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Turkish banking sector's response to the Covid-19 outbreak

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Umut Gurgey



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02 April 2020

The unavoidable global spread of the Covid-19 outbreak continues to create significant risk to community health as well as significant challenges for the economic outlook.

Although the banks have not been directly hit by the Covid-19 outbreak compared to the other sectors such as retail and tourism, they are at the utmost attention of the public in all countries over the world.

Although it is not possible yet to foresee the long-term magnitude of the results of the Covid-19 outbreak over the economic outlook, it is commonly agreed by the economists that it may likely cause a global financial crisis in the upcoming days, penetrating through 2021. Sitting in the heart of the economy, there is no doubt that the stability of the banks is quite crucial for continuity of the economic system.

Similar to their foreign competitors, Turkish banks have already started implementing their own measures to ensure the business continuity and provision of adequate services to their customers, such as waiving commission fees applied to money transfers or increasing the limits for money withdrawal from ATMs and contactless credit card payments. Addressing the operational challenges by implementing such short-term solutions to ensure business continuity as well as the healthcare of their stuff, it goes without saying that banks would likely to face with liquidity crisis in long-term.

In an effort to mitigate the burden over the banks and support the banking sector, the Banking Regulatory and Supervision Authority (BRSA), as well as the Central Bank of Turkey (CBRT), have been introducing various measures flexing the regulatory framework.

In this context, the CBRT published, on 17 March 2020, certain measures, involving, amongst others supportive measures for the banking sector. Accordingly, the CBRT announced that it will support the banks' liquidity needs through intraday and overnight standing facilities. Also, the foreign exchange reserve requirement was reduced by 500 basis points for the banks that meet the real credit growth conditions, which would lead to a foreign exchange and gold liquidity support for such banks in an amount of approximately USD 5,1 billion. On 23 March 2020, the BRSA also announced several measures in relation to calculation of capital adequacy ratio and foreign exchange positions of Turkish banks, to be applicable until 31 December 2020, to support the banking sector against the recent fluctuations in the financial markets due to Covid-19 outbreak.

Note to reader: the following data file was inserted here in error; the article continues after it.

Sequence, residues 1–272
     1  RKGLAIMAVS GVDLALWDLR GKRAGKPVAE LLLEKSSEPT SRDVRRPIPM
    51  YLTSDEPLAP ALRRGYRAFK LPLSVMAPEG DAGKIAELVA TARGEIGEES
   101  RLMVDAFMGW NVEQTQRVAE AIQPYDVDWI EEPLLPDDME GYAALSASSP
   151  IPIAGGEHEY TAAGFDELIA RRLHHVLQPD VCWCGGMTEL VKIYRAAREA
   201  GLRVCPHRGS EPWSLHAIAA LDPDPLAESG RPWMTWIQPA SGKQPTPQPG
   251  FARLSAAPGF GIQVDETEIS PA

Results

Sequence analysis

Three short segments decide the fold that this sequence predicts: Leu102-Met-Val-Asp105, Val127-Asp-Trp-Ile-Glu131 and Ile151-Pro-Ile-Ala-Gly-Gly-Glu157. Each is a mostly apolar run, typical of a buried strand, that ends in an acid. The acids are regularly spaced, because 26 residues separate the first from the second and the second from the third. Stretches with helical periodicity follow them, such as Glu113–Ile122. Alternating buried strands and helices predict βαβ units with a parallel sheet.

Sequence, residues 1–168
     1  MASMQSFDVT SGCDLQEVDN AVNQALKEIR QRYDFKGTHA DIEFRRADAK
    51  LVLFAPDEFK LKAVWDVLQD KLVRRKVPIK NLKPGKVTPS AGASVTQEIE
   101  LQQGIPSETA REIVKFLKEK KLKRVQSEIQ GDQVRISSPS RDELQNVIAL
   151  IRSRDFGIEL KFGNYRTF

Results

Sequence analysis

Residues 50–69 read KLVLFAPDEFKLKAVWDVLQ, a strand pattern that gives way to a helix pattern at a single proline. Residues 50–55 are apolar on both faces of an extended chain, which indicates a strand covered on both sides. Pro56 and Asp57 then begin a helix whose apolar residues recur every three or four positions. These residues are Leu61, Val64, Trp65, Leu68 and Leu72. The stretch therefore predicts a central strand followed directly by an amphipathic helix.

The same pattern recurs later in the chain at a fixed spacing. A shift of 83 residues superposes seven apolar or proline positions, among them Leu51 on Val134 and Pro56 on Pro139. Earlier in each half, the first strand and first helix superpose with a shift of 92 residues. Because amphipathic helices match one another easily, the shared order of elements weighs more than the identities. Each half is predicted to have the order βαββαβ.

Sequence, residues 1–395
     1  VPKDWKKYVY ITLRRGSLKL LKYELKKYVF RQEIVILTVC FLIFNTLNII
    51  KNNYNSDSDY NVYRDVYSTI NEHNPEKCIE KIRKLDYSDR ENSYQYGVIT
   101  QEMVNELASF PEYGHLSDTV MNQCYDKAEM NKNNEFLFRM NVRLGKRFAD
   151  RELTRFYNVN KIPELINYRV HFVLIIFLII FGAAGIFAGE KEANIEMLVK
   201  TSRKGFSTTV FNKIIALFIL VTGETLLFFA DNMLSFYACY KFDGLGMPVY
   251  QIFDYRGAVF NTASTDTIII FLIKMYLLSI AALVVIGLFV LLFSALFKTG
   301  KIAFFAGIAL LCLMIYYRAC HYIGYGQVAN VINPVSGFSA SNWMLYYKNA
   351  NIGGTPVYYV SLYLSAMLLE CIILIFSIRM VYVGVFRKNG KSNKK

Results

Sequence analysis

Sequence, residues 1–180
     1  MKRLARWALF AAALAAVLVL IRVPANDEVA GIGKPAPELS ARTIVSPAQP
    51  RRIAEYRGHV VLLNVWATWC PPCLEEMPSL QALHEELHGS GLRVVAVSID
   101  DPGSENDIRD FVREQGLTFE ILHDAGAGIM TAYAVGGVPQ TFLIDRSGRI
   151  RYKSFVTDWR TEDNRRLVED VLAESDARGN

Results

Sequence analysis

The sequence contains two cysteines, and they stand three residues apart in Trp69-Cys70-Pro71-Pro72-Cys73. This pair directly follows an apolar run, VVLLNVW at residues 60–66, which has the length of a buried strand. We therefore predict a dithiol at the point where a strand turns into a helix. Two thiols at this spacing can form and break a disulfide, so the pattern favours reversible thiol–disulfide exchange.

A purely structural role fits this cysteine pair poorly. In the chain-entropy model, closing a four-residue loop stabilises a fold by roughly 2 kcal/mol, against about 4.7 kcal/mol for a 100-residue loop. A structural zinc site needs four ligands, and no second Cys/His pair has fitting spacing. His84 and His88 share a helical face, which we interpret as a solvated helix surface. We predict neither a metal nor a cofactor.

According to the BRSA's decision:

  • banks will be allowed to apply the 2019 year-end buying foreign exchange rate while calculating the amounts of the monetary and non-monetary assets valued in accordance with the Turkish Accounting Standards and the relevant reserve amounts, except for the foreign currency assets valued on historical cost basis, for the purposes of the calculation of amount subject to credit risk in accordance with the BRSA's Capital Adequacy Regulation;
  • in case the differences between the net valuations of banks' securities, which are classified within the "Securities the Fair Value Differences of which are reflected in Other Comprehensive Income" portfolio as of 23 March 2020, are negative, these differences may be disregarded while calculating the capital adequacy ratio in accordance with the Equity Regulation. This exception will not apply for such securities acquired following 23 March 2020. 
  • provisions for losses in relation to the banks' securities held as of 23 March 2020 may be disregarded while calculating the general net foreign exchange position of the bank. This exception will not apply for such securities acquired following 23 March 2020. The equity amount calculated in accordance with the preceding paragraph may be used for the purposes of this calculation as well.

Appreciating such measures taken so far, economists are yet to be able to determine how much those measures would help for maintaining the financial strength and meeting the financial sector's needs. Recognising the challenges that both the banks and the corporate and individual bank customers are facing with, it seems obvious that more measures will need to be introduced to maintain the business continuity. We will continue to monitor the upcoming changes and to provide regular updates on the banking sector's response to the Covid-19 outbreak over the coming days.